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Construction Spending on the Upswing

Overall construction spending increased by 3.0 percent year-over-year according to the latest monthly Construction Spending Report released by the U.S. Census Bureau. The report also found a month-over-month spending increase, with overall construction spending inching upwards from $1,272.2 billion in January 2018 (revised) to $1,273.1 billion in February.

Private construction hit a seasonally adjusted annual rate of $982 billion in February, up 0.7 percent over the revised January estimate of $974.8 billion. Breaking things down further,  residential construction in February reached a seasonally adjusted annual rate of $533.4 billion, creeping up 0.1 percent above the revised January estimate of $532.9 billion. On the nonresidential side of things, construction for February was at a seasonally adjusted annual rate of $448.6 billion in February, up 1.5 percent over the revised January estimate of $441.9 billion.

The Census Bureau reports that new single-family construction increased 0.1 percent month-over-month, reaching a seasonally adjusted annual rate of $281.8 billion in February, up from $279.2 billion in January. Compared to February 2017, however, new single-family construction increased 9.5 percent.

Public construction took a downturn in February, with the estimated seasonally adjusted annual rate of public construction spending hitting $291.1 billion for the month. This was 2.1 percent below the revised January estimate of $297.4 billion. Under the public construction umbrella, educational construction was measured at a seasonally adjusted annual rate of $74.6 billion, 0.5 percent below the revised January estimate of $75 billion. Highway construction was at a seasonally adjusted annual rate of $88.5 billion, 0.2 percent below the revised January estimate of $88.7 billion.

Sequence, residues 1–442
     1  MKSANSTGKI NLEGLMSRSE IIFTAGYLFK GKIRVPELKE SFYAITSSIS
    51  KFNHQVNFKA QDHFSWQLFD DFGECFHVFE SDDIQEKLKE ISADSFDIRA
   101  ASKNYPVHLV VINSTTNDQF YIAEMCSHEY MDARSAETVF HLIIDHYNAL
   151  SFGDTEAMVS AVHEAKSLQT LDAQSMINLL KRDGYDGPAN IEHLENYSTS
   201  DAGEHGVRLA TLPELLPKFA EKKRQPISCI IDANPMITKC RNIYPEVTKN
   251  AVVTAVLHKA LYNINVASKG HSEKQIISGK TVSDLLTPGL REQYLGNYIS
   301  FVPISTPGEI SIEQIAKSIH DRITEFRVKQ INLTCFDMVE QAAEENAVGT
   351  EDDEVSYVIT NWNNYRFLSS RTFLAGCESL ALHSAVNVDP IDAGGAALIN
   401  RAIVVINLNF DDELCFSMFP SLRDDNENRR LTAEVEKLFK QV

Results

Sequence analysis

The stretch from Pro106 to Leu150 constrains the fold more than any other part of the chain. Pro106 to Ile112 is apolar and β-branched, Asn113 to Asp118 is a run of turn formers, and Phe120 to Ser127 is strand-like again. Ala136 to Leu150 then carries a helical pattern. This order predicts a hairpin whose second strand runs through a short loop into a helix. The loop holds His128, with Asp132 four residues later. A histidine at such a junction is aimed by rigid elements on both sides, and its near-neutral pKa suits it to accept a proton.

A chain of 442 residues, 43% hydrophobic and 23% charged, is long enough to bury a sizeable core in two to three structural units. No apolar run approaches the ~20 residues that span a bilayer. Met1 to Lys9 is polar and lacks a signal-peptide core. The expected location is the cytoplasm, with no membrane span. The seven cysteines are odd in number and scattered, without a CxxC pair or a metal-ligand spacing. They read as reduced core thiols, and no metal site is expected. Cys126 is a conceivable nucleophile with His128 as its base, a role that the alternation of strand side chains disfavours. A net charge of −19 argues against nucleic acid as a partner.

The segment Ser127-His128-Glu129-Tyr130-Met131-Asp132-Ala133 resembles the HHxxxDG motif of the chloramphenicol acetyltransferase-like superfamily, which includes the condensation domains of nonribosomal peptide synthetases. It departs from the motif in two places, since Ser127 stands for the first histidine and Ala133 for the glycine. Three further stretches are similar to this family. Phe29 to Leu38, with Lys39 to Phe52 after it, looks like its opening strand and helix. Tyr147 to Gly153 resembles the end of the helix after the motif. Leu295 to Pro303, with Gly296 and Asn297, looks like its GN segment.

The Bureau will release its next construction spending report—which will cover March 2018's figures—on May 1, 2018.

About Author: David Wharton

David Wharton, Online Editor at the Five Star Institute, is a graduate of the University of Texas at Arlington, where he received his B.A. in English and minored in Journalism. Wharton has over 15 years of experience in journalism and previously worked at Thomson Reuters, a multinational mass media and information firm, as Associate Content Editor, focusing on producing media content related to tax and accounting principles and government rules and regulations for accounting professionals. Wharton has an extensive and diversified portfolio of freelance material, with published contributions in both online and print media publications. Wharton and his family currently reside in Arlington, Texas. He can be reached at David.Wharton@DSNews.com.
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